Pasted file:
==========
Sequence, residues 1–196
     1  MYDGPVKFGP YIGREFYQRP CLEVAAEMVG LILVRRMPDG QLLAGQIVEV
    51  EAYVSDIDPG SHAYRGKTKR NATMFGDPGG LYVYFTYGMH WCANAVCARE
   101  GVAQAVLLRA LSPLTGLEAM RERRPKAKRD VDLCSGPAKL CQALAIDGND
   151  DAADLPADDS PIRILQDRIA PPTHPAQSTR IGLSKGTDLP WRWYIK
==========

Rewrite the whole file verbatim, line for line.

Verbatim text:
Sequence, residues 1–196
     1  MYDGPVKFGP YIGREFYQRP CLEVAAEMVG LILVRRMPDG QLLAGQIVEV
    51  EAYVSDIDPG SHAYRGKTKR NATMFGDPGG LYVYFTYGMH WCANAVCARE
   101  GVAQAVLLRA LSPLTGLEAM RERRPKAKRD VDLCSGPAKL CQALAIDGND
   151  DAADLPADDS PIRILQDRIA PPTHPAQSTR IGLSKGTDLP WRWYIK